1.3 What is parkinsonism?

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‘Parkinsonism’ is an umbrella term used to cover a range of conditions. These conditions share the symptoms of slowness of movement, stiffness and tremor.

Most people with a form of parkinsonism have idiopathic Parkinson’s, also known as Parkinson’s, which this course focuses on. However, other types of parkinsonism are described below.

Multiple system atrophy

Both multiple system atrophy (MSA) and Parkinson’s can cause stiffness and slowness of movement in the early stages. But the additional problems that develop in MSA, such as difficulty with swallowing, incontinence and dizziness, are unusual in early Parkinson’s.

Progressive supranuclear palsy

Progressive supranuclear palsy (PSP) is a very rare condition characterised by a problem with a person’s eye gaze, sometimes referred to as ‘doll’s eyes’. A person with PSP has to move their head to follow a finger rather than just moving their eyes, will have difficulties looking down, may also experience frequent episodes of falling backwards and have issues with mobility, speech and swallowing. Problems with speech are unusual in early Parkinson’s. PSP is sometimes called Steele-Richardson-Olszewski syndrome.

Corticobasal degeneration

This condition is similar to PSP and very rare. People with corticobasal degeneration may experience sudden difficulty in controlling one of their limbs – usually their hand or arm, but sometimes their leg can be affected. They may experience muscle stiffness, rigidity and spasms in the affected limb.

The three conditions mentioned above progress more quickly than Parkinson’s, are harder to treat and may not respond to medication as effectively.

Vascular parkinsonism Parkinson’s

People may experience this form of parkinsonism (also known as arteriosclerotic parkinsonism) if they have had a stroke. Often the stroke can be so mild that they didn’t notice it. The most common symptom of vascular parkinsonism can be difficulty with walking – the condition is sometimes called lower body parkinsonism. Other symptoms include rigid facial muscles (hypomimia), difficulty with swallowing or speaking, and bladder and bowel problems. People with this condition may not respond as well to Parkinson’s medication as those with idiopathic Parkinson’s.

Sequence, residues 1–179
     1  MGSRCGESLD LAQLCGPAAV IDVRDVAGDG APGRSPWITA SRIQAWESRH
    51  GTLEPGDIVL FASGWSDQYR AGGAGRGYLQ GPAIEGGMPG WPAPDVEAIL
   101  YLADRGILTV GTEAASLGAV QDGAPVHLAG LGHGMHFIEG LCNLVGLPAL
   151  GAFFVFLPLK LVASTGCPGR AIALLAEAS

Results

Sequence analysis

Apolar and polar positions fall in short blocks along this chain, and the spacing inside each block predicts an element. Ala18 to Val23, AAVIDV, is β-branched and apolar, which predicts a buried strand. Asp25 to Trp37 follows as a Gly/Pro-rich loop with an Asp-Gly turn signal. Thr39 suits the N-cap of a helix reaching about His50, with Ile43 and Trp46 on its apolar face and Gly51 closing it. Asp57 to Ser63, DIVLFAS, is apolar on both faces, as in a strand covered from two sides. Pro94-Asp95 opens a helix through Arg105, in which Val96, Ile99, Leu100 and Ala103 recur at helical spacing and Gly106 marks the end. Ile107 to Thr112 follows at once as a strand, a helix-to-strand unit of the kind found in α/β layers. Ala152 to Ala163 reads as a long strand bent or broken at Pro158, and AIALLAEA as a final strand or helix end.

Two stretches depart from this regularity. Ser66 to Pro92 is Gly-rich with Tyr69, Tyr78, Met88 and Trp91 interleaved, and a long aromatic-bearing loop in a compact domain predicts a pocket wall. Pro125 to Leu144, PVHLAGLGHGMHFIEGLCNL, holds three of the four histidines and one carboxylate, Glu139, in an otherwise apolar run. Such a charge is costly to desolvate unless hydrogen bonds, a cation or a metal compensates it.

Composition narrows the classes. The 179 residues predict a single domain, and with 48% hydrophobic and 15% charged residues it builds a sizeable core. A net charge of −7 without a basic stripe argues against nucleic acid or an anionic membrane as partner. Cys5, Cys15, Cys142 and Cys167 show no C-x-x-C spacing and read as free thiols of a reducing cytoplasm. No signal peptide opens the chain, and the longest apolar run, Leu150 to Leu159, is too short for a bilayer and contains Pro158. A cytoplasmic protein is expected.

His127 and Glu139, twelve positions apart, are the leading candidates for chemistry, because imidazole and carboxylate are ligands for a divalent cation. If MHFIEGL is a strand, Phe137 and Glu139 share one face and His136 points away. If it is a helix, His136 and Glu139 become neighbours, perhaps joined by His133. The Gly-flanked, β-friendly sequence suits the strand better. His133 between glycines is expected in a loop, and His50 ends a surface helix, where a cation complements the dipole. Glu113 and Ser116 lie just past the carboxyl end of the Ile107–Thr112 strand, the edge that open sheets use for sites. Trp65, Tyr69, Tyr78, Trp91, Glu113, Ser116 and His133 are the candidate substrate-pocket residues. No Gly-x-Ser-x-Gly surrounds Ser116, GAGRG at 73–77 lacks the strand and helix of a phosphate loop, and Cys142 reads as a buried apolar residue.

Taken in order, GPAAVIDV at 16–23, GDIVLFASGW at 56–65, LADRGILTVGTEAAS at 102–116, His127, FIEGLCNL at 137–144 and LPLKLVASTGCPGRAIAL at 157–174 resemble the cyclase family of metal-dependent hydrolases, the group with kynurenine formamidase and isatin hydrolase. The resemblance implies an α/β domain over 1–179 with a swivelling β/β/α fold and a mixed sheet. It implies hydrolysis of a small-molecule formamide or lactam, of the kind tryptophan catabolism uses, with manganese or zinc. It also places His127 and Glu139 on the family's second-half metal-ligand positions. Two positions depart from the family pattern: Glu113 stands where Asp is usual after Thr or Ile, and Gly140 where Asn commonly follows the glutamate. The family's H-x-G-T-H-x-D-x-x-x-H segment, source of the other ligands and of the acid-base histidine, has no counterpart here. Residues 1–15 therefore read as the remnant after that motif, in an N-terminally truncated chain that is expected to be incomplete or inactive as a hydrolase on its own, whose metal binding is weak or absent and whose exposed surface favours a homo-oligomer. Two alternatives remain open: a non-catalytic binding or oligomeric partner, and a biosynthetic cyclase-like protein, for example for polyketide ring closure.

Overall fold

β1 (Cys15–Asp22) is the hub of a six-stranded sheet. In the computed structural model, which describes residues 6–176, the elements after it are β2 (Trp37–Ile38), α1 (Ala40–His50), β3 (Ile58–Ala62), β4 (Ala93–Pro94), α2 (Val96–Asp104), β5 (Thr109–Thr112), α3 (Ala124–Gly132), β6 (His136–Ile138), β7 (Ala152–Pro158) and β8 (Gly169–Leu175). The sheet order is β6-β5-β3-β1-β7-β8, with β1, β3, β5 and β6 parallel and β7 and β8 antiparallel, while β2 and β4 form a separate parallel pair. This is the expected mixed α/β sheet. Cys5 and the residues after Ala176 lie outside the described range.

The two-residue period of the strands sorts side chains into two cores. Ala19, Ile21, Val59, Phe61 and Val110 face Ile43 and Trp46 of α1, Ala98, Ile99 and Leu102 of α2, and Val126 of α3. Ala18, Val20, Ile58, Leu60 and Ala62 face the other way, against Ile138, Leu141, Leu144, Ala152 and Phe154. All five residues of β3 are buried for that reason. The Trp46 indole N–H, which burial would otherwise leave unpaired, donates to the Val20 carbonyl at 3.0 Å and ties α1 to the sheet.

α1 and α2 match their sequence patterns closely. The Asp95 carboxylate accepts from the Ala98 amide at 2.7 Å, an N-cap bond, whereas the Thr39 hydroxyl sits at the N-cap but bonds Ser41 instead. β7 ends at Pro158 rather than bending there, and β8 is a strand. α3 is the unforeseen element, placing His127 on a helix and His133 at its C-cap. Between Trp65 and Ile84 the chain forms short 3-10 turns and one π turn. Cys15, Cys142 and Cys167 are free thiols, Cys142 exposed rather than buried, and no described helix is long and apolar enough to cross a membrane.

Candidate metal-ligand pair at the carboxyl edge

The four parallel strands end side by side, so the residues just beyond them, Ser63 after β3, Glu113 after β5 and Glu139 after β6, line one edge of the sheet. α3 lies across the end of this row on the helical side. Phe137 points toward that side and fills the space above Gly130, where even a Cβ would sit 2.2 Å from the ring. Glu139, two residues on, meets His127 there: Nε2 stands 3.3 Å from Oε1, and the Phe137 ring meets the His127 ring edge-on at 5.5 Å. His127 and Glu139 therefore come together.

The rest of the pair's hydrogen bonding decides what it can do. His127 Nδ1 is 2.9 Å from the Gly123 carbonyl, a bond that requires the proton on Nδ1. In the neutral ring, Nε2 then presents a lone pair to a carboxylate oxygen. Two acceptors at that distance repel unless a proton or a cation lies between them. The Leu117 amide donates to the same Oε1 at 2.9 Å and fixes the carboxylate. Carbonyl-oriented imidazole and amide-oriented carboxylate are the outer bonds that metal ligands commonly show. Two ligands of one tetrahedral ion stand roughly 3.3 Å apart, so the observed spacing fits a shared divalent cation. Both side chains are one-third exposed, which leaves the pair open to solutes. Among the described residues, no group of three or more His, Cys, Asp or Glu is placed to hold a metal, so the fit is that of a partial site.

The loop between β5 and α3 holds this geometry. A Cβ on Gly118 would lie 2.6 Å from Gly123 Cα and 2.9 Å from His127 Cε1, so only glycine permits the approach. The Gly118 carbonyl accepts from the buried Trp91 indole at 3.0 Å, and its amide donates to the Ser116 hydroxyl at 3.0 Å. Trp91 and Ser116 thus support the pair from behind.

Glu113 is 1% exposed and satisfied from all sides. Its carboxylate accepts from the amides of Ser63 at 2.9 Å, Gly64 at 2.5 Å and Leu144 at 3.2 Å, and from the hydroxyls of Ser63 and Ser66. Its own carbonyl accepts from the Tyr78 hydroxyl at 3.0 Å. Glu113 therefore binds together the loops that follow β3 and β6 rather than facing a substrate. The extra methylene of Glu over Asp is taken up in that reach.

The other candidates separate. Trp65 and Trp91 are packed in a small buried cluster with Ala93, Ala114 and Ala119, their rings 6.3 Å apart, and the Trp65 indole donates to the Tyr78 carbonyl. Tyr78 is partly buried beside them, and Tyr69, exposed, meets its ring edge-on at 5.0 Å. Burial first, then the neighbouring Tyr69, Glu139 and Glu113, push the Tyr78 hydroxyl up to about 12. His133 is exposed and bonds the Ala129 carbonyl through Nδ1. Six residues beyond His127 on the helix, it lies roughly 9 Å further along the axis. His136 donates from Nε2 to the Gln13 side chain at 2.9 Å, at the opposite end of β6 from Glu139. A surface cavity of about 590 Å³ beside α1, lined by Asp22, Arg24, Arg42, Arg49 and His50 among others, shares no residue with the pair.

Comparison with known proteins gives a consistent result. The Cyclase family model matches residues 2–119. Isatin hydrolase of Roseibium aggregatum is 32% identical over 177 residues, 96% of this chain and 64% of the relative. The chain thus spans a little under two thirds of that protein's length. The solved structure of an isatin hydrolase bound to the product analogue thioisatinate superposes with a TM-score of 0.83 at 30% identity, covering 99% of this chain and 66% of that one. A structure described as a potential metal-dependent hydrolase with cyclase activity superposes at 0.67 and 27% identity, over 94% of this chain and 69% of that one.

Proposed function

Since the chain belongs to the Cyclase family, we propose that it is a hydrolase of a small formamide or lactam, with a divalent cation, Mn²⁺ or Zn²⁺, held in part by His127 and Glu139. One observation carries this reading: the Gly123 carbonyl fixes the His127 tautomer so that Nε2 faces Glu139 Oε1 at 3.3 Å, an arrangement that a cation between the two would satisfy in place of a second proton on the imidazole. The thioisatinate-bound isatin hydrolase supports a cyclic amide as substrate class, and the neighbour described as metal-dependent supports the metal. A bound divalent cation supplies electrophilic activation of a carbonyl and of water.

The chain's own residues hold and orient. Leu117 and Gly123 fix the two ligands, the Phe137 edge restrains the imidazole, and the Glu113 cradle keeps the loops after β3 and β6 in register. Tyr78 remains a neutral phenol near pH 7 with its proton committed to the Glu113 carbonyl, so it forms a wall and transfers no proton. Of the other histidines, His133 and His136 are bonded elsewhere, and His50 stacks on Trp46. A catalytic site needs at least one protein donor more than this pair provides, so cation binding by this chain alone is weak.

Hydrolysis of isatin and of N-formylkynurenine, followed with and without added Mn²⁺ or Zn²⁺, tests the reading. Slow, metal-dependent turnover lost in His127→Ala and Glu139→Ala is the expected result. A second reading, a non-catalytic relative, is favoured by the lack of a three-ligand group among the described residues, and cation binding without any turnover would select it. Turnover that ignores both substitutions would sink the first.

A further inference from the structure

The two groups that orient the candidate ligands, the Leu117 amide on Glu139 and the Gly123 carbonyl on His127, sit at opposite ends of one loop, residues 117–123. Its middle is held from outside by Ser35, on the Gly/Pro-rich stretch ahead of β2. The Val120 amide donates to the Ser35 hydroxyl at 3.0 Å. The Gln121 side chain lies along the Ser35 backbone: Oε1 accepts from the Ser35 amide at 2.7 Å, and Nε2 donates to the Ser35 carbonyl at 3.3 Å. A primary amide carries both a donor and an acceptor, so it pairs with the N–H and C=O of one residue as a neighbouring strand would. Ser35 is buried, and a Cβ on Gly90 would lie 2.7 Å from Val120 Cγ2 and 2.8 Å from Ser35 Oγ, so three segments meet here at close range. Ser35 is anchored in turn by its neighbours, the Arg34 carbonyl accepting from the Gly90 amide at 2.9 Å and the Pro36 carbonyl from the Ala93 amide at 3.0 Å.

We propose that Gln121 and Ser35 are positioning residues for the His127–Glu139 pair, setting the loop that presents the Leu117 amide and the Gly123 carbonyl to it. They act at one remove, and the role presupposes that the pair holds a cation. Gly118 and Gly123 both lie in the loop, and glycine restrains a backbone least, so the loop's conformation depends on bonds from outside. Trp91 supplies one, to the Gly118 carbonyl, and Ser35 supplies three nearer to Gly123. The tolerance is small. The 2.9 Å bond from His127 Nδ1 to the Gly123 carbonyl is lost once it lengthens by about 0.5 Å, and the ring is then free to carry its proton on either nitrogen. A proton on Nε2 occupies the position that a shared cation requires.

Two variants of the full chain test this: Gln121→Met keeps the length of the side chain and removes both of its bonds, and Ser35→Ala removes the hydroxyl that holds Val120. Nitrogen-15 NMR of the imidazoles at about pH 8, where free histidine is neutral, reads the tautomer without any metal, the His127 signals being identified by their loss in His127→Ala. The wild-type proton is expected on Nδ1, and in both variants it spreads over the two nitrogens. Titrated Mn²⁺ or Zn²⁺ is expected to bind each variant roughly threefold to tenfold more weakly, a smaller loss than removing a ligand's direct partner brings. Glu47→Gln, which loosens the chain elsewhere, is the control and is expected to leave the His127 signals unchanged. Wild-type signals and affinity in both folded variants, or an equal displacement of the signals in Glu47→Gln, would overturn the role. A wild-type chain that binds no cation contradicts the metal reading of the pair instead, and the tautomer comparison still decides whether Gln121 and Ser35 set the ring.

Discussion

Drug-induced parkinsonism

Drugs that block the action of dopamine in the brain can result in people developing symptoms of drug-induced parkinsonism. These drugs include ‘antipsychotics’ or ‘neuroleptics’, which are sometimes used to treat dementia, symptoms associated with learning difficulties or severe mental health problems, such as schizophrenia.

This condition tends to remain static and does not progress. The only way to relieve the symptoms is for the person to stop taking the drug that is causing the symptoms of drug-induced parkinsonism. If this is possible, some people will recover within a few months.

Unfortunately, this is not always possible, as some people may have few other drug options available to manage their condition. Parkinson’s medications are contraindicated when taking these drugs, so the person has to live with the symptoms.

Have you come across this before or do you now recognise something you did not understand in a person you have been caring for?

Essential tremor

This is the most common type of tremor. It is a trembling of the hands, head, legs, body and/or voice. It is most noticeable when a person is moving and stops when someone is resting.

An essential tremor can be difficult to tell apart from a Parkinson’s tremor.

In Parkinson’s, a resting tremor usually goes away when a person is doing something like picking up and drinking their cup of tea. It will be most obvious when they are resting, such as watching television.

For people diagnosed with a benign tremor condition, multiple system atrophy or progressive supranuclear palsy, the following organisations can offer more specific support, including advice for professionals.

1.2 Why are we here?

1.4 What is Parkinson’s?